Our Hospitality (1923) was s first true feature film. Keaton’s previous “feature,” Three Ages (1923) was actually three short films assembled together. There was both an artistic and a commercial reason for this: Three Ages was a parody of the similarly structured D.W. Griffith feature Intolerance (1916). Additionally, Keaton had proved his audience appeal in shorts. Metro Pictures realized the inherent risk of a Keaton feature, and the structure of Three Ages created the option of breaking it down into three shorts. Fortunately for all concerned, Three Ages was a commercial and critical success.

Our Hospitality may be seen, in retrospect, as a model for Keaton’s features and a precursor to The General (1926). What separates Keaton from his peers (Chaplin, Lloyd, Langdon) is the way his character integrates into a larger narrative. That is not to say that Keaton’s films are not character driven, but the character serves the narrative, not vice versa.

Our Hospitality opens with a prologue of the ongoing feud between the Canfields and the McKays. A young Canfield and the McKay patriarch are killed in a rainy shoot out at night. To avoid the curse of the feud and further bloodshed, the McKay widow takes her infant son, Willie, and sends him north to New York. Meanwhile, the Canfields swear revenge.

Twenty years later, Willie (Keaton) is the personification of a 19th century New York Yankee, adorned in a dandified suit. His mother has since passed away when Willie learns he has inherited his father’s estate. Imagining a southern mansion waiting in the wings, Willie hops onto the next train like a salmon returning to its birthplace. Before departing, he is warned by his guardian to stay clear of the Canfields.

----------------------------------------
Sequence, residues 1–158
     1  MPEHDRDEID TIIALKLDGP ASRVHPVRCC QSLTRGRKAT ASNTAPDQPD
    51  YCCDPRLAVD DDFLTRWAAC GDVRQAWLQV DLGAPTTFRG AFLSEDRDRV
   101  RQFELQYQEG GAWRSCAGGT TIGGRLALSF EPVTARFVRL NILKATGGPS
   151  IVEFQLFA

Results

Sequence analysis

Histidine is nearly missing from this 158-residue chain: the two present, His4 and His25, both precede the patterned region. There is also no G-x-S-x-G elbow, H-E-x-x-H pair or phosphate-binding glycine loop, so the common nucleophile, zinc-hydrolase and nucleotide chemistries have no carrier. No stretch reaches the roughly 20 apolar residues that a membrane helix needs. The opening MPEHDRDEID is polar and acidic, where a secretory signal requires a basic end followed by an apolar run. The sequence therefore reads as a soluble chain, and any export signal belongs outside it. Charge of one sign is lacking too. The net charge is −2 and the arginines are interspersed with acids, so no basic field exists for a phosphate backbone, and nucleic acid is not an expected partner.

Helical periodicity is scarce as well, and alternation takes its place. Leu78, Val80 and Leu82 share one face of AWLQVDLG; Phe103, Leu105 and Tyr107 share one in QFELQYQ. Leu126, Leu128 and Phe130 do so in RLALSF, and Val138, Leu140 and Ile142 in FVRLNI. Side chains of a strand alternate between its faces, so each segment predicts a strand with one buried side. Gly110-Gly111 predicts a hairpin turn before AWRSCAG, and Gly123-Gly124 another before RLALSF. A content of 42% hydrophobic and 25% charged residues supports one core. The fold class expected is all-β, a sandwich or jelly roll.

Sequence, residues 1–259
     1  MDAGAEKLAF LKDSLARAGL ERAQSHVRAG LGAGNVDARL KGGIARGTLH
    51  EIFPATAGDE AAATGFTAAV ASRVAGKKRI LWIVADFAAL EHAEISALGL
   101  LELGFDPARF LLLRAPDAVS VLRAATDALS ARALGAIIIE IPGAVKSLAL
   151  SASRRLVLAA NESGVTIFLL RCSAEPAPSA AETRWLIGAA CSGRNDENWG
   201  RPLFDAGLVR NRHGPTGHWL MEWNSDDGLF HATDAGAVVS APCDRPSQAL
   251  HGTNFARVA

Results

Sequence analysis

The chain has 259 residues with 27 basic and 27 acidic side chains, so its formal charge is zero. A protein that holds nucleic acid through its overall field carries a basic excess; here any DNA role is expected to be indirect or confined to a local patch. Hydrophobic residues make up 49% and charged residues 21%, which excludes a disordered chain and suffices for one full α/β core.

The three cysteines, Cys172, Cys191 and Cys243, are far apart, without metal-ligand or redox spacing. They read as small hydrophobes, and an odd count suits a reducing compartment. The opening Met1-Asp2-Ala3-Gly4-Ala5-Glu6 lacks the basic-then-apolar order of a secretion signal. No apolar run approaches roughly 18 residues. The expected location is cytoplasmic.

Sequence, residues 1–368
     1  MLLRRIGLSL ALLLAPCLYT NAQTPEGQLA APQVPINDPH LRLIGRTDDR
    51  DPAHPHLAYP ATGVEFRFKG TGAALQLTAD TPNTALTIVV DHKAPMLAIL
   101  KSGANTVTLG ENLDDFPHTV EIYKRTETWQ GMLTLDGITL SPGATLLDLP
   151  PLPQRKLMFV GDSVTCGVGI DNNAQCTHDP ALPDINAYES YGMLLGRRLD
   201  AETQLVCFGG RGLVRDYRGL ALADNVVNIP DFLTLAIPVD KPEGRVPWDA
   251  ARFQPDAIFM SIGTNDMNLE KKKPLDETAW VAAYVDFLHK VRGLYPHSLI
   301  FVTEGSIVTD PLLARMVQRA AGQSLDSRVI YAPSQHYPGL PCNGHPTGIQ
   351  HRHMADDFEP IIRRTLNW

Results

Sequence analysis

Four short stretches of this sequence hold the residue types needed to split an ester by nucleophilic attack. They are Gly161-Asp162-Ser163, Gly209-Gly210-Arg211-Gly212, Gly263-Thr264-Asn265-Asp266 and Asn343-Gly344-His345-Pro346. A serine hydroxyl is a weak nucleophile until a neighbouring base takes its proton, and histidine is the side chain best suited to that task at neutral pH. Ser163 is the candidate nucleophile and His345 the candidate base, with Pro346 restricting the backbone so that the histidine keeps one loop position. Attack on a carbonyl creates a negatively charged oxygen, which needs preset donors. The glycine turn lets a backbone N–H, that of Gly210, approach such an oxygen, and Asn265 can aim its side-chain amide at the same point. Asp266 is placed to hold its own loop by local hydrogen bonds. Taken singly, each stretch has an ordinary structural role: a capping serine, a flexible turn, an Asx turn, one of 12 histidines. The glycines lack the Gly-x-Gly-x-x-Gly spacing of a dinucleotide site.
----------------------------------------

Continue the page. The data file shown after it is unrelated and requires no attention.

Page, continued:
The trip south foreshadows the archaic world Willie is about to enter. The train itself is primitive and, naturally, encounters numerous mishaps along the way. Luckily for Willie, the ordeal is made bearable because his fellow passenger is a pretty girl (Natalie Talmadge, the first Mrs. Keaton). Unfortunately, Willie’s spawning choice here, unknown to him, is a Canfield daughter.

Still from Our Hospitality (1923)There are numerous aquatic metaphors. Willie stands apart from his fellows, like a fish out of water, with city clicker suit and queer umbrella. While fishing, he catches a minnow, throws it back, and then gets pulled into the water by a bigger fish. Willie’s mansion turns out to be a dilapidated shack and he unwittingly finds himself in the home of his sworn enemies. True to Southern hospitality, the Canfields vow not kill Willie while he is a guest in their home. When Willie learns of this, he naturally tries to remain a permanent houseguest. Almost forced out, Willie is saved from leaving by the sudden appearance of a heavy downpour. A dam blows up, nearly drowning Willie, but it also safely conceals Willie from his predators, the Canfield boys. In a reversal of the fishing line, Willie is tied, by rope, to a Canfield son. Both get hauled into the water. A descent into the rapids brings further peril, as does a waterfall. Willie dangles over the waterfall like that salmon on a line. Yet, it is the waterfall which unites Willie with his girl, allowing him to spawn.

Our Hospitality is replete with inventive sight gags (a tunnel is cut to fit the train, a horse’s rear-end is disguised as Willie in drag), but it’s really a sophisticated, yet simple retelling of the Romeo and Juliet narrative.

Next week: Sherlock Jr. (1924)

4 thoughts on “OUR HOSPITALITY (1923)”

  1. LIke most people, I personally rate the peculiarly impassive but very visually inventive and almost superhumanly athletic Buster Keaton way, way above the deservedly forgotten Harry Langdon – how many creepy child-men do we really need in this Universe, ever? OK, so he was the partial inspiration for Pee Wee Herman – but why is that a good thing? I’d also quite like to hear a bit more praise for Harold Lloyd, who was unique in being a pleasantly normal-looking person who got into the same kind of scrapes as his blatantly cartoonish brethren – parallels might be drawn between him and Jackie Chan, who I’m fairly sure pinched his clock routine, though I forget exactly where.